Throughout 2012 and 2013, one of Marr’s ongoing projects consisted of combing through our 45 RPM record collection and preparing them for long-term Roobot Storage. The procedure called for sleeve replacement, deletion of triplicate copies, some basic data entry, the exceedingly rewarding process of making and printing labels for storage boxes, as well as mass removal of 45 RPM adapters.
As an employee of a sound archive, I, of course, love to perform these menial chores and often feel empty inside when I am not completing such rewarding tasks. Our staff and student assistants would agree! However, if there was one thing that could send me into a full-on emotional tailspin, it would be the anxiety that comes with removing Webster-Chicago Corporation brand 45 adapters and their insidious presence from our 45 RPM holdings.
If I wasn’t shredding my fingers to pop these bad boys out, I might be warping the 45 or even snapping it in half. Once in a blue moon, I wake up to a cold sweat at 4 am, obsessing over “Websters” in my nightmares. No joke. More often than not, I would break down and run to my supervisor, Charlie Stout, who would remove them for me, seemingly without any detriment to his person or psyche. Go figure…
The Webster-Chicago Corporation, later known as Webcor, manufactured high quality amplification and phonograph equipment, tape recorders, intercom and public address systems as well as wire recorders commonly used for dictation, field recordings, and military applications.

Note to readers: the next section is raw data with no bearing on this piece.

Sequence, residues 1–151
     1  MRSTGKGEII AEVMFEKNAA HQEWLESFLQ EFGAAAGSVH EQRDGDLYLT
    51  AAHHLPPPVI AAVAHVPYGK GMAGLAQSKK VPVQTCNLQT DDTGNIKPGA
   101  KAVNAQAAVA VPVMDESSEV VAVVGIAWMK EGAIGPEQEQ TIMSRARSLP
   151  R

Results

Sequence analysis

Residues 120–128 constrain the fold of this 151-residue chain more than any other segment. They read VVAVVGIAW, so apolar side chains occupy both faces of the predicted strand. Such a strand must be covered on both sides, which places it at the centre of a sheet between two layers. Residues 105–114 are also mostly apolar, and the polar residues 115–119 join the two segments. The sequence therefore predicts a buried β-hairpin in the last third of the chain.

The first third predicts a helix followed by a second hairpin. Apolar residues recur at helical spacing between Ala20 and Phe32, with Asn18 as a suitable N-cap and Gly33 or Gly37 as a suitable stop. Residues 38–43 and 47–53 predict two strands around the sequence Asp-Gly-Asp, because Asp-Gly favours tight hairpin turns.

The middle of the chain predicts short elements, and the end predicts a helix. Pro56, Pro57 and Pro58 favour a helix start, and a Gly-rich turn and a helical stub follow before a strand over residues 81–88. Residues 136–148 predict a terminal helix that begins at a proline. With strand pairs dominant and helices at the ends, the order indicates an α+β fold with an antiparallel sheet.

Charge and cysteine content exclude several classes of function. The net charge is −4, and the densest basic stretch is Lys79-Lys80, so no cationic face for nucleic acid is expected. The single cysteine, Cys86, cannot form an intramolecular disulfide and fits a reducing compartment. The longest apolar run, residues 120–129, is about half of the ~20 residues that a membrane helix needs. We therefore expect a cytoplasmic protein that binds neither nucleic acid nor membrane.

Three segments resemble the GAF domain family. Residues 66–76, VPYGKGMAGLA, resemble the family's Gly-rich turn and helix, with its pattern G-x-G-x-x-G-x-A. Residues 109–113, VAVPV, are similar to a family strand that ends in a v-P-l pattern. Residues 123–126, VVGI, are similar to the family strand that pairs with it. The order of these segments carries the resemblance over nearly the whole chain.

The company first unleashed its 45 RPM adapter on the buying public in 1950, right in the middle of the Columbia/RCA speed wars of the 1940s and 50s. Columbia introduced the 12” 33 RPM LP to consumers whereas RCA opted for their own patent: the 7” 45 RPM Record. Each format its own respective turntable that was, of course, incompatible with the other; hence, the advent of the 45 RPM adapter trend.
The Webster-Chicago adapters seem like holdovers from the machine era. They consisted of a tin disc with four teeth that allowed it to snap into the center hole of the 45 where it would stay put, possibly for decades. Soon thereafter, the market for 45 adapters was flooded by an increasingly disposable array of plastic adapters sold by individual record companies; the most iconic of which being the Recoton adapters, peddled, once again, by the RCA Corporation.
The major problem with the Webster is its tendency to warp records over time, greatly lowering their resale value. They were too costly to produce and often too heavy to be compatible with certain RCA turntables. Their plastic counterparts were less expensive to manufacture, often brightly colored, and were less than likely to wreak havoc on a 45’s playability.
While the Websters seem to have been built to outlast the apocalypse, it is ironic that they were once considered a permanent solution to a temporary and constantly evolving problem. The new wave of plastic adapters squashed the Webster adapter shortly after its initial patent and once most turntables were standardized to play all disc formats, the Webster-Chicago adapter no longer served its intended purpose. Funny enough, the 1½ inch hole in the center of your favorite 45 RPM record no longer serves its original purpose either. The aesthetic and historical value, however, remain mostly intact.
For a more in-depth history of the 45 RPM Adapter, consult Chuck Miller’s Times Union Blog article from 2012, entitled 45 Adapters: Stick it in the Center Hole.